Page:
Note, if a new user account was recently created, I recommend waiting a day for the sign-in data to fully populate otherwise no sign-in data will be present.  Check the Azure AD Premium admin portal for sign-in activity for the user periodically.  Once the sign-in data is present, refresh the Power BI dataset connection to pull it into Power BI.  More details here: https://docs.microsoft.com/en-us/azure/active-directory/active-directory-reporting-faq

 

First we’ll need to sign into Power BI and pull in the Azure AD Activity Logs Content Pack.  Do this in Power BI by selecting Get Data, Services (Get), then search for Azure.  Select Azure Active Directory Activity Logs (Preview) from the search results and provide your Azure AD domain name and then select next.

Once the Azure Active Directory Activity Logs (Preview) content is added we can begin to create a dashboard.  From the Power BI UI find the “Azure Active Directory Activity Logs” under Dataset and select it.  Under “Visualizations” select Map and under “Fields” expand “Signin Activity” and select City, Country, Name, and Total Signins.  Without any further modifications your map should look similar to the following:

 

image

 

Feel free to play around with the data to get the information you find most interesting or better yet, what your security team will find most interesting.  Hover over the data circles to display additional information about the data point.

 

Now a map of sign-ins may be all that is required, however I went a step further and created two slicers to drill in on certain data points.  To add slicers, select the Slicer image from under Visualizations from under Fields expand “Unique Users” and then select “Details.Name”.

 

image

 

To add another slicer, repeat the process from above, only instead of expanding Unique Users, expand “Signin Activity” and then select “Device Information”

image

 

Adding slicers enables me to check mark interesting information and drill down on that specific data point.  Pulling it all together the final dashboard looks like the following:

image

 

If I want to hone in on a specific data point, all I need to do is select either a data point under one of the slicers as shown in the gif below:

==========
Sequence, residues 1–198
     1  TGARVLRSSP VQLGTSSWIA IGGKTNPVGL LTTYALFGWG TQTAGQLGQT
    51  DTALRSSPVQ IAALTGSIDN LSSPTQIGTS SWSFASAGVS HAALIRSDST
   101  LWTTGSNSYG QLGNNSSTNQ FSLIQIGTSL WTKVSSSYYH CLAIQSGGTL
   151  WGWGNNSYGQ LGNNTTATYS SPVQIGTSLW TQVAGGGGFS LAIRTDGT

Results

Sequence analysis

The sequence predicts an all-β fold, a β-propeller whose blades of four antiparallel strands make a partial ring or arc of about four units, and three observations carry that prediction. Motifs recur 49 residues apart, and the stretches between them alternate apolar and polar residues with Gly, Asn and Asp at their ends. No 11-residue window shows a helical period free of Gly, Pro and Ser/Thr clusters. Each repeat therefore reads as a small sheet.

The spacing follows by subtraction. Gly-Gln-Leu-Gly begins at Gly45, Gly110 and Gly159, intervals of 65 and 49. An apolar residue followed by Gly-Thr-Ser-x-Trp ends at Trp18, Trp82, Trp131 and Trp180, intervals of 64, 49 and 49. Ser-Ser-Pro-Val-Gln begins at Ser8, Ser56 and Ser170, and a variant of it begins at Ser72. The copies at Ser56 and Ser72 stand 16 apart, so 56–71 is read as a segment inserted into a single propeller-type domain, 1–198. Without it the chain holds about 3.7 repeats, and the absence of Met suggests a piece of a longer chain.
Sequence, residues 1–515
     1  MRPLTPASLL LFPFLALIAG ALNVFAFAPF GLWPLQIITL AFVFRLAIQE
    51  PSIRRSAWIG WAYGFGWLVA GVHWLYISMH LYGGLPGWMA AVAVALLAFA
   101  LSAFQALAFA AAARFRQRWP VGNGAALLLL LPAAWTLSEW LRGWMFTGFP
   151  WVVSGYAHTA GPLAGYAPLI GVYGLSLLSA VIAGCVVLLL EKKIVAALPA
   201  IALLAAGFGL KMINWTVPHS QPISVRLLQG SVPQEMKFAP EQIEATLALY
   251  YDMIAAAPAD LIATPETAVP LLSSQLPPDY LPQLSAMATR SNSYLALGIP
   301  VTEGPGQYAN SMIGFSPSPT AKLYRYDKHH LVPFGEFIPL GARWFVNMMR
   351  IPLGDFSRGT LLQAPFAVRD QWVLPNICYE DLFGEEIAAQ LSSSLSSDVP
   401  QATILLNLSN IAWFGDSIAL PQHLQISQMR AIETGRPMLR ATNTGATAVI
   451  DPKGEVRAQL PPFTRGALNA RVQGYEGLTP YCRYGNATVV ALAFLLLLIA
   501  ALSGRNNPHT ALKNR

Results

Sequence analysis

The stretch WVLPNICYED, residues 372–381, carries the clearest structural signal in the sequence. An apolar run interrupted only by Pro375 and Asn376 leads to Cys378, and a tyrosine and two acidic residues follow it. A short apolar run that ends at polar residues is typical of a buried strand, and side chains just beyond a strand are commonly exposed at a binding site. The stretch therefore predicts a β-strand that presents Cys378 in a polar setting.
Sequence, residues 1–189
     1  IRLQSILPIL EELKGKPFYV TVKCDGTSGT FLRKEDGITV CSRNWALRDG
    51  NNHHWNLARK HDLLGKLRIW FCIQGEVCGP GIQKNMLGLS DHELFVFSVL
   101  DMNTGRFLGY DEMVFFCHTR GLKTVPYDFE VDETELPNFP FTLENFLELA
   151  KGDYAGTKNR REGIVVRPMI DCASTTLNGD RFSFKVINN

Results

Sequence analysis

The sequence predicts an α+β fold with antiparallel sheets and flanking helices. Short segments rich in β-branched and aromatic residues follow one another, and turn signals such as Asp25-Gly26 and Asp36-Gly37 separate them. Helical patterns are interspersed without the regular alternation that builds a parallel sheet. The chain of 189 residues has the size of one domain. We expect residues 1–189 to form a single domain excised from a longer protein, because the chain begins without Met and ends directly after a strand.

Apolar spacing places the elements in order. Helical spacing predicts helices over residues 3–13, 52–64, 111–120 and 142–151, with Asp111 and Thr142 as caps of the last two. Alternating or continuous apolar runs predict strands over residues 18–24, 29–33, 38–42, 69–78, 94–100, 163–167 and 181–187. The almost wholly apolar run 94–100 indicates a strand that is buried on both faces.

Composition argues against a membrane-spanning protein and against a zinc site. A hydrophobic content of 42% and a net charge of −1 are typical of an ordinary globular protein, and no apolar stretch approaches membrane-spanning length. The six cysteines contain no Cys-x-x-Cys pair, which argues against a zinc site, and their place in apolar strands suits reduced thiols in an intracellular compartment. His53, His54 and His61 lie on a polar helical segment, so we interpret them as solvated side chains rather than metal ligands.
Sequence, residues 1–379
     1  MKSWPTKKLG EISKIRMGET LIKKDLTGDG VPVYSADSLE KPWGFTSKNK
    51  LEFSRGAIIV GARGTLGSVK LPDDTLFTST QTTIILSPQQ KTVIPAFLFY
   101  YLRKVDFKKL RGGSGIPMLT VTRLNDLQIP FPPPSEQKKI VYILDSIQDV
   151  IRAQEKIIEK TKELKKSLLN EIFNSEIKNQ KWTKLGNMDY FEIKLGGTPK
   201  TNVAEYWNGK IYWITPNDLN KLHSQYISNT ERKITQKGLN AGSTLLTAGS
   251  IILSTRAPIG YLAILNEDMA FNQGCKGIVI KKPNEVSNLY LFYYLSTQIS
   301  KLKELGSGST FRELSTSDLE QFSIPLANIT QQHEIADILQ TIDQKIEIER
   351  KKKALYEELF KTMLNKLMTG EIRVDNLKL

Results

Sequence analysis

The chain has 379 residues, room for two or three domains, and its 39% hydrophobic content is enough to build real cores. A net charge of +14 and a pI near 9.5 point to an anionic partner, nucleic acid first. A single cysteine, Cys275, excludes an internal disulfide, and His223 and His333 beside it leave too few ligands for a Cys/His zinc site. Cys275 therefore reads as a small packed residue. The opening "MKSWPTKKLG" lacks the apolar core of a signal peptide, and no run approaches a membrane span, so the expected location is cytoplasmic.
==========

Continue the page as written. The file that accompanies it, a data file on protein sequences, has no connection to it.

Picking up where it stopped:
AADSigninPowerBI

 

Update
Add a slicer for date and time to show time based sign-in activity:

2017-03-30

This was just a simple method of creating a Power BI report that show’s a lot of rich data points that may help you understand where your users are logging in across the globe from what browser or device.  In addition, use the Azure AD Premium to create conditional access policies to protect user identities, corporate information, and block malicious devices, apps, and browsers from unsecure locations.

Invite external users to access Publically Shared URLs via Power BI using Azure AD

November 2017 update: Azure AD B2B now supports Power BI.  More details here: https://docs.microsoft.com/en-us/power-bi/service-admin-azure-ad-b2b

 

With the rapid adoption of Azure Active Directory (Azure AD) and services surrounding Azure AD, we’re seeing more and more customers interested in publishing SaaS apps as well as custom apps to employees, consultants, and business partners.  One of the challenges of granting application access to users is provisioning/maintaining infrastructure, user management, and what technologies to utilize long term.

Azure Active Directory has a feature called the Access Panel (or myapps.microsoft.com). The panel accessible by employees and business partners who have accounts within Azure AD (think of this as a potential extranet replacement).  Accounts in Azure AD may live in the cloud, synced from on premises identity providers (i.e. using Azure AD Connect), or by inviting users via Azure AD B2B (business-to-business).

Azure AD Access Panel

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We’re also seeing rapid adoption of Microsoft Power BI. Power BI takes all that data you have and transforms it into dashboard visuals and/or reports and can be shared out via a link. For more information about Power BI please visit: https://powerbi.microsoft.com/en-us/

 

In this post, I’ll walk through how to publish an app that points to a published URL from Power BI and assign external users to a Power BI URL using the “Publish to Web” option.